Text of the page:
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Women's Rights

Speeches in Parliament
Larissa Waters 17 Mar 2016

Senator WATERS

I rise today to talk about women's rights. Sadly in 2016, as we all know, we still do not have gender equality: we do not have equal representation in our parliaments or our business community; we still do not have equal pay with the gender pay gap still being above 17 per cent; we have huge gaps in our retirement incomes when it comes to that stage of our lives; we still do the bulk of unpaid domestic work in the home; and one in three of us still face horrific domestic violence. I have spoken about these issues in the chamber many times before—and there are many women and men from all political parties who are working on these issues and I commend them for that.

Today I want to focus on women's rights over their own bodies. Last month, as many listeners would know, was the 10-year anniversary of RU486, the medical abortion drug, being made available. In February 2006, this parliament passed laws which took away the ministerial veto on importing RU486 from the then health minister, who was of course Mr Tony Abbott who held that position at the time. A famous catchcry of that campaign was: 'Get your rosaries off my ovaries.'

Today I want to pay tribute to the women in federal parliament from all political parties who worked on that issue and who united across party lines to get that reform through. Some of them are still with us; others have moved on to other careers. The bill came about via cooperation from many tremendous women, including then Greens Senator Kerry Nettle; then Democrats Senator Lyn Allison; from the Labor Party, then shadow health minister, Julia Gillard—of course later the Prime Minister; Senators Jan McLucas and Claire Moore from this chamber who still hold those positions; Liberal MP Dr Sharman Stone; and Ministers Helen Coonan and Kay Patterson. It shows that when we work together we can get things done. I think we should all reflect on that, given that we have such huge challenges left in gender issues, sadly, in this day and age.

I want to also give credit and thanks to Dr Caroline de Costa, who is a very well known obstetrician and gynaecologist, who first stuck her neck out to apply for TGA permission to access RU486 and was really the woman who started off this campaign. She remains a fierce advocate for women's rights, and she remains a medical practitioner in my state of Queensland. I want to thank her and commend her efforts over so many years and wish her many more successes and wins.

That is the sort of brave stand that we clearly need to take in Queensland because sadly, in Queensland, abortion is still a crime. It is listed in our Criminal Code. That is also the case in New South Wales. These antiquated criminal laws—in Queensland's case they were written in the 1800s—still say that a woman does not have the right over her own body, because abortion is considered a crime. It is long past time that we changed those archaic laws.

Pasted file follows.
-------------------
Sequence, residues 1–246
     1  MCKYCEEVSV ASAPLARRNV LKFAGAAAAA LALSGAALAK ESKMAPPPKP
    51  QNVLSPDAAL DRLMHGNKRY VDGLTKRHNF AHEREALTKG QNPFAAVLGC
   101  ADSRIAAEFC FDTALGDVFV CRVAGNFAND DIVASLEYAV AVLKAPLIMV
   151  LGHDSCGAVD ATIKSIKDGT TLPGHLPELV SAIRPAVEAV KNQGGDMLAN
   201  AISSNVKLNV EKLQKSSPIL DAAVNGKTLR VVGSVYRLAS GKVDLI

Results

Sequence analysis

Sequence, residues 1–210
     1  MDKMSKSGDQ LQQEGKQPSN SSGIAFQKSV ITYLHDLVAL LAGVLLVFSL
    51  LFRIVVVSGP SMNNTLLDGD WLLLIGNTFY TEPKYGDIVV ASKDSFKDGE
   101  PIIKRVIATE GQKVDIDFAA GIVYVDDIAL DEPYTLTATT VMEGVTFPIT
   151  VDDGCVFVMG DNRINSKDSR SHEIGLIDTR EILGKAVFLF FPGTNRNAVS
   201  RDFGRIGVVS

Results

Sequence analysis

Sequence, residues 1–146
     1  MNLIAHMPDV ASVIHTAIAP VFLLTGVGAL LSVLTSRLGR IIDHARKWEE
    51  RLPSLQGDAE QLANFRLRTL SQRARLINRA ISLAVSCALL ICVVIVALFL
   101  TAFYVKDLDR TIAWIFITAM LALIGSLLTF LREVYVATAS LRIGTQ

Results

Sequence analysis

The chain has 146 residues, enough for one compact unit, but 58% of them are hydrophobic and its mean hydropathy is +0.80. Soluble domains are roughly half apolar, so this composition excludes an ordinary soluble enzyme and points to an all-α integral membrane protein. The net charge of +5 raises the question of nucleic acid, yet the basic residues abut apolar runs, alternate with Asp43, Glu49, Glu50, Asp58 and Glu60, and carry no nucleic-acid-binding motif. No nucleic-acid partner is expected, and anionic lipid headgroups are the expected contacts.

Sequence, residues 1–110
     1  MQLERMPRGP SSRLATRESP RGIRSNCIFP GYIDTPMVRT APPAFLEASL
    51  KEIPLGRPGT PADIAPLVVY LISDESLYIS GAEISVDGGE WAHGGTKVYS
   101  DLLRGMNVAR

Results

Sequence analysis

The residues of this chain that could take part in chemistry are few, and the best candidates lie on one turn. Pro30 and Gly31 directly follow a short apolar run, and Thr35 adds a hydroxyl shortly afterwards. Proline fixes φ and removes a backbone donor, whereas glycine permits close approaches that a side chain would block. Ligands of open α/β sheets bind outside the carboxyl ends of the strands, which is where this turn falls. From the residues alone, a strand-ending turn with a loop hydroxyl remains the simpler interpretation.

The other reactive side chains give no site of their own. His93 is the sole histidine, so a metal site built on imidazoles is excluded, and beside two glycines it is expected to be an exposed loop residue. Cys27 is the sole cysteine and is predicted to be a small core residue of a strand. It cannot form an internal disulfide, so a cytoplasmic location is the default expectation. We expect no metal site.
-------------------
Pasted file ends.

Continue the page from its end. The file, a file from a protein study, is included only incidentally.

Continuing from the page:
Because of the rules in those utterly outdated and repugnant laws in Queensland, a woman needs to be able to establish that her physical or mental health is seriously in danger from continuing the pregnancy. She needs to find a doctor who will say that her mental health or her physical health would be in serious danger were she to continue with the pregnancy. That is the only way in which an abortion can be legally performed in Queensland. Obviously, that is a huge barrier for the medical community because the legal uncertainty has a very chilling effect on doctors who want to be able to provide patient care and want to be able to empower women. Sadly, those laws are really casting a pall over that.

The combination of those outdated laws and the almost complete absence of publicly available pregnancy terminations makes a termination expensive and really hard to access. From the data that we do have—and it is not perfect—we know that the vast majority of abortions in Queensland are performed in private clinics. It is about 99 per cent versus just one per cent in the public system. That means that women are facing enormous costs. Depending on how far along they are in their pregnancy and whether they are able to access a termination, it can cost up to $1,000. Many Queensland women do not have a spare thousand dollars to have control over their own bodies, and health care should be a universal entitlement, not a privilege for those who can afford it.